New Zealand’s reptiles and amphibians play a significant role in the environment; pollinating the flowers and dispersing the seeds of many native plants, providing prey for native bird species (Kōtare/Kingfisher, Ruru/Morepork, Weka, etc.), and keeping invertebrate populations down. As such it is important that these special taonga are looked after, and protected to maintain the functionality of New Zealand’s beautiful landscapes.
There are many ways in which you can help protect our unique herpetofauna both in your backyard and in the wider New Zealand context. Below we have outlined some of the ways in which you can help.
Create a lizard friendly garden
Lizard friendly gardens come in many shapes and sizes and may have differing requirements depending on the region that you live in (North vs. South Island), however, these are some general tips for attracting these awesome little critters to it:
- If you have a cat keep it indoors, and try to dissuade neighbourhood cats from visiting your garden.
- Consider trapping for mammalian pests (rats, mice, hedgehogs, and stoats).
- Encourage thick plant growth along borders, hedgerows, and banks.
- Place logs and corrugated iron, or Onduline®, around the garden in areas where plants can grow over them.
- Mulch as much as possible and encourage a deep leaf litter.
- Create rockeries with lots of loosely placed stones and stone heaps (don’t embed the stones into the soil).
- Plant dense ground cover species.
- Plant berry or nectar-producing species, native divaricating shrubs such as muehlenbeckia and low growing coprosma are particularly good.
- Create north-facing inclines (this provides a thermal environment).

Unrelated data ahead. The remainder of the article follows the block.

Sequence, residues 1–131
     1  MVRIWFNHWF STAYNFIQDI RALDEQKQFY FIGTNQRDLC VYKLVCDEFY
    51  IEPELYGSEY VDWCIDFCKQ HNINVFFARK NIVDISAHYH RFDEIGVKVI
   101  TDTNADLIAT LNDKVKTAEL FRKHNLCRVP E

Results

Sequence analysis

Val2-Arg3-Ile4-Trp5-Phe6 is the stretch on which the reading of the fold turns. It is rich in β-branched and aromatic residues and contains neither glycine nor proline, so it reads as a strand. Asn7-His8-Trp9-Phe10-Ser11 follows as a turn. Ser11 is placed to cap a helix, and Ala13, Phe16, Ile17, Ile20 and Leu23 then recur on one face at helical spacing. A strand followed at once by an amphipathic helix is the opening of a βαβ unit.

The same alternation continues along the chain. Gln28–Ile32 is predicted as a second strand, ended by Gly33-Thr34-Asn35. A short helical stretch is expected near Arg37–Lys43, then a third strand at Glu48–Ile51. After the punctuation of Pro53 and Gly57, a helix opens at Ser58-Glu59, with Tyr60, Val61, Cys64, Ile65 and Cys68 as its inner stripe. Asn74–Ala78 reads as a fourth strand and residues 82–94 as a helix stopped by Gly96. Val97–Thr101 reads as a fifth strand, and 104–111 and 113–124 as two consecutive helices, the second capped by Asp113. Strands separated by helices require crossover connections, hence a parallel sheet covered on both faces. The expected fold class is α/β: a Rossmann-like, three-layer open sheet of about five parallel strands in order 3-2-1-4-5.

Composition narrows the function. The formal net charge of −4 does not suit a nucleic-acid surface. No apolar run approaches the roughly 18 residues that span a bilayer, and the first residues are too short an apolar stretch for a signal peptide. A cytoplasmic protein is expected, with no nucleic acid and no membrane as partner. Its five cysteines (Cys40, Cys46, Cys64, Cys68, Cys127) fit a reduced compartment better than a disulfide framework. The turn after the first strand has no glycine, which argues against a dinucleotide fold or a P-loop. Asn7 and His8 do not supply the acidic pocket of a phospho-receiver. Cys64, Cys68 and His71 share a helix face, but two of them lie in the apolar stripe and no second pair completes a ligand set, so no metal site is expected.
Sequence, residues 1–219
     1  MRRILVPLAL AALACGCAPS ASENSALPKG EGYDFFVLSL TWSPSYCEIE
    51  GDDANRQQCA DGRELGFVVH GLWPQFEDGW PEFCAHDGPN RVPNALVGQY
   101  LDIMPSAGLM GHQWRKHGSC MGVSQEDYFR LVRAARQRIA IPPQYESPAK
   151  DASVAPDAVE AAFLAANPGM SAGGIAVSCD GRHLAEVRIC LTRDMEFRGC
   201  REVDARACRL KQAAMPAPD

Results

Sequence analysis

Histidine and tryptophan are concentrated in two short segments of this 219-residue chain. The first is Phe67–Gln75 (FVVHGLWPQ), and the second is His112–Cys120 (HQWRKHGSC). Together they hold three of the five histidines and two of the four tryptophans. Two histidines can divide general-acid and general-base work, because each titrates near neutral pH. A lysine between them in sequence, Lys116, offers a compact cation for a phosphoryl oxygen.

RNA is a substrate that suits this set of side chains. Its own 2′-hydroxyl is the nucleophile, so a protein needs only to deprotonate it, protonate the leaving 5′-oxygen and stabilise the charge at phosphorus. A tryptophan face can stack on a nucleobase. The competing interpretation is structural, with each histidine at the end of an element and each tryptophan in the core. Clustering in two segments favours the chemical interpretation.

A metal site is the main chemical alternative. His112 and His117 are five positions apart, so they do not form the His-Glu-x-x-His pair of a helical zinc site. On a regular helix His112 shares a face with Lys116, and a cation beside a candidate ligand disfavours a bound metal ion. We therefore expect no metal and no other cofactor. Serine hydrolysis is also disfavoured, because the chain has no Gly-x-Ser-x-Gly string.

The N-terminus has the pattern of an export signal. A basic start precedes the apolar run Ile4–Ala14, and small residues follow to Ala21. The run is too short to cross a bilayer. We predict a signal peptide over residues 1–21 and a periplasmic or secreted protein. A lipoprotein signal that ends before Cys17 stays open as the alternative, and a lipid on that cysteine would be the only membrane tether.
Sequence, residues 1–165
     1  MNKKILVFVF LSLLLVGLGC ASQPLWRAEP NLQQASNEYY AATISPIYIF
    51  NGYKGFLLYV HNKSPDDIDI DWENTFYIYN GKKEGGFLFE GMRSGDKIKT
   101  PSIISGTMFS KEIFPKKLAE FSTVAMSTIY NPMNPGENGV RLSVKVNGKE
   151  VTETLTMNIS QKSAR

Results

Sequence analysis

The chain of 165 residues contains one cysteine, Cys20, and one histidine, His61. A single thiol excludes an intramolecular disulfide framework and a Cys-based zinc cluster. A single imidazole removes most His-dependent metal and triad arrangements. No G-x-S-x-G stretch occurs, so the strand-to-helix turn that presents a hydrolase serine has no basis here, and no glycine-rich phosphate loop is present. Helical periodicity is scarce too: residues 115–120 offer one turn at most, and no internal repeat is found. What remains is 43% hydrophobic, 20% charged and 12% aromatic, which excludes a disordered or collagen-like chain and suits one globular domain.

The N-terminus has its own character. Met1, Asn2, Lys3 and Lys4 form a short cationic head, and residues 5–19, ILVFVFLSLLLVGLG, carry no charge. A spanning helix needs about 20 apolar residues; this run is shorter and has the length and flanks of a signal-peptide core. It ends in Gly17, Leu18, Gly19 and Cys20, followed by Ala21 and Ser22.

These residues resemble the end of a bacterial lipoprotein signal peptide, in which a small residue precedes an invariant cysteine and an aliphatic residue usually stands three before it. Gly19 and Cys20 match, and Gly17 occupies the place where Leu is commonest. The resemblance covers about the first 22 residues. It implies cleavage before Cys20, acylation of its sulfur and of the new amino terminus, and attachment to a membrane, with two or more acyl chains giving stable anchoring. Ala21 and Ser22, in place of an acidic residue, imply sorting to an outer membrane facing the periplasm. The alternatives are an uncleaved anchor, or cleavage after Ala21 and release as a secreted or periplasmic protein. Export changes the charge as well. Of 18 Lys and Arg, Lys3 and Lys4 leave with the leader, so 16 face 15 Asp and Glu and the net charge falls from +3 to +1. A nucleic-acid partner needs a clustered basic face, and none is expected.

- Leave cracks when building walls, this works well in brick and stone walls.
- Provide variety, wild skinks often live along habitat edges.
- Allow native, non-weed vines to reach roofs so that geckos can get in and out.
- Leave some wild areas; rank grass, and the weed mats formed by wandering jew (Tradescantea fluminensis) are surprisingly good habitats for many of our native reptiles including copper (Oligosoma aeneum), and ornate skinks (Oligosoma ornatum).
Control rodents in your garden
Depending on where the lizard garden is and how big the garden is, putting poison bait out may not have much of an impact on the mice living there or coming into it. This is because there is sometimes a delay period of up to 2 weeks before a mouse dies after eating the bait (this is also dependent on how much bait it has eaten). If mice are constantly coming into the garden from outside, then baiting inside the garden wouldn’t have any effect - unless you set up a 50m buffer zone of bait stations around the outside of the garden!!!
If the garden is near the house and it is not too big, traps may be the best option. Snap traps need to be ‘out of reach’ of lizards yet still open for mice (there have been cases of skinks setting them off). Traps can be baited with peanut butter and elevated off the ground to reduce the likelihood of lizards getting into them.